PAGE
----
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Septic Tanks

A septic tank system serves as an on-site wastewater treatment system in places where public sewers are not available. One-third of all Florida homes, about 1.6 million households, use septic tanks.

Miami-Dade County regulates septage haulers. Call Industrial Facilities at 305-372-6600 for an updated list of permitted haulers.

Additionally, the Department of Health regulates the construction, modification and operation of all septic tanks. Call the Department of Health at 305-623-3500 for more information.

Septic tank systems

The septic tank system is an underground system of pipes and tanks designed to treat bathroom, kitchen and laundry wastewater through naturally occurring bacteria and microorganisms. In older homes, a septic system may be a pipe leading from the house to a cesspool. In newer homes, a septic system usually is made of a series of pipes connecting a septic tank, distribution box and a leach, or drainfield.

Processing raw sewage through a septic system is important because it protects the groundwater and the environment from contamination. Microorganisms and insects living within the drain field assist in decontamination of waste materials by consuming leftover waste particles containing such harmful germs and viruses as typhoid, gastroenteritis and viral hepatitis.

To ensure the proper functioning of a septic system, homeowners must take precautions to prevent system failures.

Identifying if your septic tank system has failed

Stop, look and smell! The most obvious septic system failures leave clues that are easy to spot. Check for pooling of water or muddy soil around your septic tank, cesspool or leach field. Check for odors of sewage or a "rotten egg" smell around your septic system or even in your basement. Notice if your sink or toilet backs up when you flush or do laundry.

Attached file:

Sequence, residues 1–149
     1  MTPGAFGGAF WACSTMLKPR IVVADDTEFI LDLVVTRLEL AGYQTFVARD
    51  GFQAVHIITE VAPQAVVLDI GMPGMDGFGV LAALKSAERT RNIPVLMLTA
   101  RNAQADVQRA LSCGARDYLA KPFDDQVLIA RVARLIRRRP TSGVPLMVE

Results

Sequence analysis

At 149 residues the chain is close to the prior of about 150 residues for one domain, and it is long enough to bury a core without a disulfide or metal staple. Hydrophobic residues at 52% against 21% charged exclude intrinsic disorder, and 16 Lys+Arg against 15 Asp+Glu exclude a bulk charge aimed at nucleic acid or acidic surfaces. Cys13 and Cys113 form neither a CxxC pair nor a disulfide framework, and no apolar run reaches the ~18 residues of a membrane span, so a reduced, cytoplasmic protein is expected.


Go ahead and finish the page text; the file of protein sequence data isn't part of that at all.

Septic systems also fail when the water they contain comes in contact with groundwater. This type of failure is not so easy to detect but can still result in the pollution of nearby streams or other bodies of water. Finally, homeowners should consult local septic system professionals and water quality representatives if any problems and/or questions occur with the septic system.

Maintaining a septic tank system

Septic systems can function very well with minimal care if the system is properly cared for and utilized. In fact, most septic tanks will only require a pumping out and inspection by a professional every three years if they are utilized properly. Most modern septic systems have a life span of nearly 25 years if they are maintained and cared for properly. Here are some helpful hints you should follow to have a long-lived and trouble-free operating septic system:

Do's

  • Pump out and have the septic tank system inspected by a professional every three years. Failure to pump out the septic tank is the most common cause of septic system failure. If the septic tank fills up with an excess of solids, the wastewater will not have enough time to settle in the tank. These excess solids will then pass on to the drain field where they will clog the drain lines and soil.